Martha Leads To Lavender's Death In The Things They Carried

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The reader may disagree with Cross’s conclusion that his fantasies about Martha leads to Lavender’s death. The text merely says that at the time that Lavender was shot, “Lieutenant Cross nodded and closed his eyes” while the other men cracked jokes. The crucial issue here, however, is not the physical realities of the circumstances surrounding one soldier’s death but its emotional implications. Cross sees the events in stark, black-and-white terms: Martha or his men. There is no room for compromise in the world he now inhabits. Only 24 years old and not a risk-taker, as demonstrated by his chaste relationship with Martha, Cross has the safety of his men in his hands, and he cannot juggle two priorities; as the text states, “He was just a kid at war, in love.” Cross’s method of symbolic reasoning finds further emphasis in his digging of a foxhole that night and crawling inside, thus repeating the fantasy playing out in his head in the moments before Lavender’s death. There he comes to the realization that Martha “did not love him and never would,” a fact obvious to the story’s readers. With his love for Martha forbidden to him — or at the least, transformed into a “hard, hating kind of love” — Jimmy Cross turns to what can substitute as its…show more content…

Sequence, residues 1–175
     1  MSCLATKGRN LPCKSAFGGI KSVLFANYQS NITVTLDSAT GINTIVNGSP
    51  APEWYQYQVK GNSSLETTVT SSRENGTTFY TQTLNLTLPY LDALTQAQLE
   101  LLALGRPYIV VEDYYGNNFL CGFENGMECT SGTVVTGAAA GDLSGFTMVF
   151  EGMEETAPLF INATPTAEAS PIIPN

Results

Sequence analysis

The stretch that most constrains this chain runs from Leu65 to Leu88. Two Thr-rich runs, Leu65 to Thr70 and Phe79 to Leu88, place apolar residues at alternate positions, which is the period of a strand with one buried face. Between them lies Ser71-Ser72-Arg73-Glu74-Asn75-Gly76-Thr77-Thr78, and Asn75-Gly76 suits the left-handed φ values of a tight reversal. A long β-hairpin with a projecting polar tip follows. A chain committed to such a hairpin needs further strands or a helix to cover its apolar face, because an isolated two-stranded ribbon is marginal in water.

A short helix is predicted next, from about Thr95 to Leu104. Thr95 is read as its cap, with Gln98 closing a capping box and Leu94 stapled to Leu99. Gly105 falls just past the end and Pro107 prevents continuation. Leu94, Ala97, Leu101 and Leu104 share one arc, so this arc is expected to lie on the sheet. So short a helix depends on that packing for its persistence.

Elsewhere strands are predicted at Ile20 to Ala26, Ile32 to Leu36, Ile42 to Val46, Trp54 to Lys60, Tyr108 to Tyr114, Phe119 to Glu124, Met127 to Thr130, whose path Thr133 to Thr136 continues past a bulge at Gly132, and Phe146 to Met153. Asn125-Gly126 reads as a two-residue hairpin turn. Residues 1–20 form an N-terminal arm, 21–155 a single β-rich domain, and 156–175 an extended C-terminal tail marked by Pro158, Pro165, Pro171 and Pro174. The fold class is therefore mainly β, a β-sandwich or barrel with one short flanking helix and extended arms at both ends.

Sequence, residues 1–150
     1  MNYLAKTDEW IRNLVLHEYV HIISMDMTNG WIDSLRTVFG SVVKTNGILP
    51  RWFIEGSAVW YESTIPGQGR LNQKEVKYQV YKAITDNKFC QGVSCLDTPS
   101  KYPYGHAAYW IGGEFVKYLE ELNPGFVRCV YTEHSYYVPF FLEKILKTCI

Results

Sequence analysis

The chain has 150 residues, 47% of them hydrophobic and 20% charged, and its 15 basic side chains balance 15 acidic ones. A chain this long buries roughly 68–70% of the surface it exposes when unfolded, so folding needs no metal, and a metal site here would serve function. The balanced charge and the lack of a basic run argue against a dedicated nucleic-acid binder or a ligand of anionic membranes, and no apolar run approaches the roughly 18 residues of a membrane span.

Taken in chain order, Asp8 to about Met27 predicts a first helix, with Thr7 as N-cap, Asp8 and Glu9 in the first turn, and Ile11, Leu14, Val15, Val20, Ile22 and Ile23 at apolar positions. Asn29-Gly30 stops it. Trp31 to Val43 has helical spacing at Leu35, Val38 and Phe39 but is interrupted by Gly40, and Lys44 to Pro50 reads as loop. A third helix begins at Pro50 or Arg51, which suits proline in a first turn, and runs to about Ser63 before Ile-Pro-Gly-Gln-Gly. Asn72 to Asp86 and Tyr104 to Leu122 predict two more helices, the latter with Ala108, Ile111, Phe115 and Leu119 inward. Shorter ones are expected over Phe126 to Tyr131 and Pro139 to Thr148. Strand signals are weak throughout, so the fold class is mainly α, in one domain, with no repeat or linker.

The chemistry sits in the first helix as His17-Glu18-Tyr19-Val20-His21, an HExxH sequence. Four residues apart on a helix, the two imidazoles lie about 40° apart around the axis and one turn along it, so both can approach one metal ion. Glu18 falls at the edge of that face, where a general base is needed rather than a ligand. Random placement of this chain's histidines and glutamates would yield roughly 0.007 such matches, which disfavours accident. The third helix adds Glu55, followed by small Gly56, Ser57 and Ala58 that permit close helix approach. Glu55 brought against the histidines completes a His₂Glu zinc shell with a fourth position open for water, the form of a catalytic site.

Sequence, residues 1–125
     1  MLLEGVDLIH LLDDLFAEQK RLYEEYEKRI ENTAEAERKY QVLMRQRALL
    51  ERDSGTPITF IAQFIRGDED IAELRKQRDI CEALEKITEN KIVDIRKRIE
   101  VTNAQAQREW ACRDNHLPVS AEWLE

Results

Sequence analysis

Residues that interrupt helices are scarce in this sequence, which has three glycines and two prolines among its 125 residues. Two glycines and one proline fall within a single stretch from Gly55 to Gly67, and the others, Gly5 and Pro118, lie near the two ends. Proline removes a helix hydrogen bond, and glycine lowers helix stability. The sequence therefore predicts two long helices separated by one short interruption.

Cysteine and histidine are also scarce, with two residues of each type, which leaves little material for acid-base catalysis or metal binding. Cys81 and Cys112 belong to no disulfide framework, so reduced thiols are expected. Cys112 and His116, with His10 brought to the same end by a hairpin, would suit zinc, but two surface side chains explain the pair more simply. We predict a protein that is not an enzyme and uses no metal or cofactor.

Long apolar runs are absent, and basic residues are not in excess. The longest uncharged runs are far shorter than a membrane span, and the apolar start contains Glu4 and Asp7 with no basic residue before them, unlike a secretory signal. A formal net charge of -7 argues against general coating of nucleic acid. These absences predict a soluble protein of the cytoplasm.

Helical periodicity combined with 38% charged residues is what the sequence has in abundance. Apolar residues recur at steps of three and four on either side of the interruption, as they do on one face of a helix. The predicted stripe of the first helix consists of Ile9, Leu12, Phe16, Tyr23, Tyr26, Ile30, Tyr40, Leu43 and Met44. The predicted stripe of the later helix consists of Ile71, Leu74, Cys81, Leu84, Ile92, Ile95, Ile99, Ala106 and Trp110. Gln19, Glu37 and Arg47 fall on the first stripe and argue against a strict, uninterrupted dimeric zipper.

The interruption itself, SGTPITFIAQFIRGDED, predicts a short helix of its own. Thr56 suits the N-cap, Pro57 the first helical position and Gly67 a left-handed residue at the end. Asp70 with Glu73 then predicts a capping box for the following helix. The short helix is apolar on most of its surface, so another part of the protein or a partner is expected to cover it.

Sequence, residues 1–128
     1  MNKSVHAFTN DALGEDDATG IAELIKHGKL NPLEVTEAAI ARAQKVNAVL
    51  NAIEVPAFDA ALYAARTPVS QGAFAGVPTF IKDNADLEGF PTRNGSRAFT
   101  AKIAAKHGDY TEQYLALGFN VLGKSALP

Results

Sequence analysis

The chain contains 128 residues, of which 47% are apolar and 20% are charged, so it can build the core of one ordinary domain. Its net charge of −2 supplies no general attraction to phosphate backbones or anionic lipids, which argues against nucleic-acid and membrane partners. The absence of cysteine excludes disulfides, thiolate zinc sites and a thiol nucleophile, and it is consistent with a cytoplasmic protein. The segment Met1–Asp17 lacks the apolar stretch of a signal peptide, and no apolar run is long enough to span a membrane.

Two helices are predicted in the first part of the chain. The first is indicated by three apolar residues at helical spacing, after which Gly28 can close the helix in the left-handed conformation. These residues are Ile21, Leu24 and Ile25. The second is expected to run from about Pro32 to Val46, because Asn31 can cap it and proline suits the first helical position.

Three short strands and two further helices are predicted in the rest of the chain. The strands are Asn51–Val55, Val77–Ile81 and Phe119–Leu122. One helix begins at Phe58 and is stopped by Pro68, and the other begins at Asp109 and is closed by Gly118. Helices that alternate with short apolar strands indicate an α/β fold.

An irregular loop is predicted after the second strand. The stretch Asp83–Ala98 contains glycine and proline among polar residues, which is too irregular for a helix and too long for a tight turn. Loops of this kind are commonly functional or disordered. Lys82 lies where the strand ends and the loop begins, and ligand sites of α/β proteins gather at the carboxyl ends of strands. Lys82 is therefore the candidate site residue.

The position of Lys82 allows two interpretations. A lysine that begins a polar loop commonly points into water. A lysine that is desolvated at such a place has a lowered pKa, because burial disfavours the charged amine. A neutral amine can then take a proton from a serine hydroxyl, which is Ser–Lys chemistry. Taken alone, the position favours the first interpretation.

. . the physical items that form the story’s structural backbone. . . the absence of much of a plot in the thing.” In many ways, “The Things They Carried” is a pure warstory. It has camaraderie, despair, violence and death, duty, longing and desire. “It was very sad,” Jimmy Cross thinks, “The things men carried inside. The things men did or felt they had to do.” In the world of Vietnam and the world of “The Things They Carried,” there is little room for anything

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